In the early seventies a group of friends in Venezuela discovered surfing...

The sport was going through exciting times. It was only a few years before that a group of guys in California were using "short" boards instead of the traditional long-boards. These innovative short boards ranged from 6'6" to 7'11" depending on the size of the wave and the break being surfed. It was a revolution.

We in Venezuela were entirely disconnected from this world of surfboard evolution. Our boards were imported from the USA. However, all boards arriving in the country were "out-of-the-box" types and none precisely designed for the kind of waves we were surfing. Of course nobody noticed at first and we were so excited with the fact that a human being could ride a wave that we concentrated on the fun and not the technical aspects of the board itself. After a while I began noticing the different kinds of rails, tails, rockers and other details as I compared the boards around me and decided to explore the issue further.

I subscribed to every surfing magazine and began studying the art and science of surfboard design. After a couple of years and immediately after completing my high school, my father sent me to Los Angeles to practice my English and to surf. He did not want me in Venezuela wasting my time surfing "in Spanish". As I waited for university to begin, I embarked on the journey to learn the trade of designing and making surfboards (and surf, of course!).

When I arrived at the Los Angeles airport, I had no idea what to do. I was supposed to be in California, the centre of the surfing universe, but there were no waves at the airport and no indication on how to get to them. The only name I remembered was Huntington Beach, so I took a cab to the famous pier. The driver looked at me like I was nuts and demanded a deposit of $100, which was about half my budget for the entire trip. I had no choice but to pay and a couple of hours later we arrived in HB. It was getting dark but I saw the pier and heard the Pacific Ocean for the first time in my life. It was roaring to me in that indescribable language that only seamen can understand.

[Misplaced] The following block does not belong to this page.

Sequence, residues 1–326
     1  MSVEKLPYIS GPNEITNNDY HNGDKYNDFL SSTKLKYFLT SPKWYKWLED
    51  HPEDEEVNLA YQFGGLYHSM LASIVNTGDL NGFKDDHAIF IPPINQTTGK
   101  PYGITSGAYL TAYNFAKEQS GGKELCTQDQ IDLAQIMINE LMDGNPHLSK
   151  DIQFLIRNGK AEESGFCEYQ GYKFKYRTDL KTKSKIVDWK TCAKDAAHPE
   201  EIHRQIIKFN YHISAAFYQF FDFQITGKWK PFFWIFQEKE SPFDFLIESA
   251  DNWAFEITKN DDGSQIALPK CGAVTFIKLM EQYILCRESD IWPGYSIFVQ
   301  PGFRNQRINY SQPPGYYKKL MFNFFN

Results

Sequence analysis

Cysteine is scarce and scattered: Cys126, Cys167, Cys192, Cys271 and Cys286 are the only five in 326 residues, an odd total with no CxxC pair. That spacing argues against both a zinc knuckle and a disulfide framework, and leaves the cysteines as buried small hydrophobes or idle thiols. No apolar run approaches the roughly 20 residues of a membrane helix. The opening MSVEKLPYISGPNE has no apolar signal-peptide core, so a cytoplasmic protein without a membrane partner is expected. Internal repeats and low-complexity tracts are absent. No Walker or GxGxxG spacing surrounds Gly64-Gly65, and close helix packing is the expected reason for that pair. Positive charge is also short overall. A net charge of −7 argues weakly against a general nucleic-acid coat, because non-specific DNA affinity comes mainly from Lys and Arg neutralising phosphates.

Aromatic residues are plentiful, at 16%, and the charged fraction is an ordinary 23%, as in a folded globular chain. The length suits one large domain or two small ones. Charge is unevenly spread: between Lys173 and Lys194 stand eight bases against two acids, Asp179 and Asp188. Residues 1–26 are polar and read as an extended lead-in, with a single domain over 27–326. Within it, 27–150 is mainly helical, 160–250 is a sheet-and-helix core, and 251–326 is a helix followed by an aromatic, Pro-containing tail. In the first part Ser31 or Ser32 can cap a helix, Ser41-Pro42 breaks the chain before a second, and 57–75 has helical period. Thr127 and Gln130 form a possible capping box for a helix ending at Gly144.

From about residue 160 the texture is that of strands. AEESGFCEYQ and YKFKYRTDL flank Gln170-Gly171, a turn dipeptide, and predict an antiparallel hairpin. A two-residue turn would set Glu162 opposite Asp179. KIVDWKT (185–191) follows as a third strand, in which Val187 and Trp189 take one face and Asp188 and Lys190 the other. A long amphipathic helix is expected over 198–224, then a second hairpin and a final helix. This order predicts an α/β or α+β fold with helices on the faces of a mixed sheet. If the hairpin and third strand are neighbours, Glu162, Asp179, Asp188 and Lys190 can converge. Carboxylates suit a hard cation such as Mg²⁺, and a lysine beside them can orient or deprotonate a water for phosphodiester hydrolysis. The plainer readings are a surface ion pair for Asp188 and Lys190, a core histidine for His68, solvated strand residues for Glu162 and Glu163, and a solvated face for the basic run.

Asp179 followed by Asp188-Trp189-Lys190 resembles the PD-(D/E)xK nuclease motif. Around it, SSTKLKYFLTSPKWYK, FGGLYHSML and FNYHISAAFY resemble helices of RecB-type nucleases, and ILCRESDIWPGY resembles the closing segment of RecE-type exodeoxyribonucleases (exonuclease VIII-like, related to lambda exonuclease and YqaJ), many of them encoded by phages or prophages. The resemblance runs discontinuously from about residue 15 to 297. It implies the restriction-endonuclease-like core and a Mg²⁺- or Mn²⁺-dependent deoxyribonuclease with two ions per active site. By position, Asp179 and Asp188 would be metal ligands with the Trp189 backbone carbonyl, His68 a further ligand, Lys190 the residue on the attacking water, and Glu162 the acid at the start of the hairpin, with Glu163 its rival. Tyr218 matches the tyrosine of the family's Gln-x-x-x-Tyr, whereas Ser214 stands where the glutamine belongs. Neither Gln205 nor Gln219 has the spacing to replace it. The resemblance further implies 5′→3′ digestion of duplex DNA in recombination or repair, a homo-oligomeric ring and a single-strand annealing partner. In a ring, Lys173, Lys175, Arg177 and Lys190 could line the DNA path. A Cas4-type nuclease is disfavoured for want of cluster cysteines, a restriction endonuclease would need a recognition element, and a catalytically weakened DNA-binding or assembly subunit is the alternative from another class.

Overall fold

I found an affordable place to spend the night. Early the next morning I was out searching for a board and long-term accommodations. My first visit was to 414 Pacific Coast Highway, Infinity Surfboards. I fell in love! They treated me like a real surfer, gave me advice on what type of board to buy. I described what my plans were and when they realised I was interested in learning how to make surfboards they offered me a job. One of the guys at the shop, Bob Anderson, invited me to stay at his home and so, in a matter of hours I had a place to stay, a job and a surfboard. I was in heaven. That afternoon we went surfing for the first time.

Massive, slow at the beginning and deadly fast once it broke, the wave from the Pacific Ocean surprised me at once. Difficult to catch if one didn't have the proper board, I was discovering the basic concepts of surfboard design and how it's affected by the wave one rides.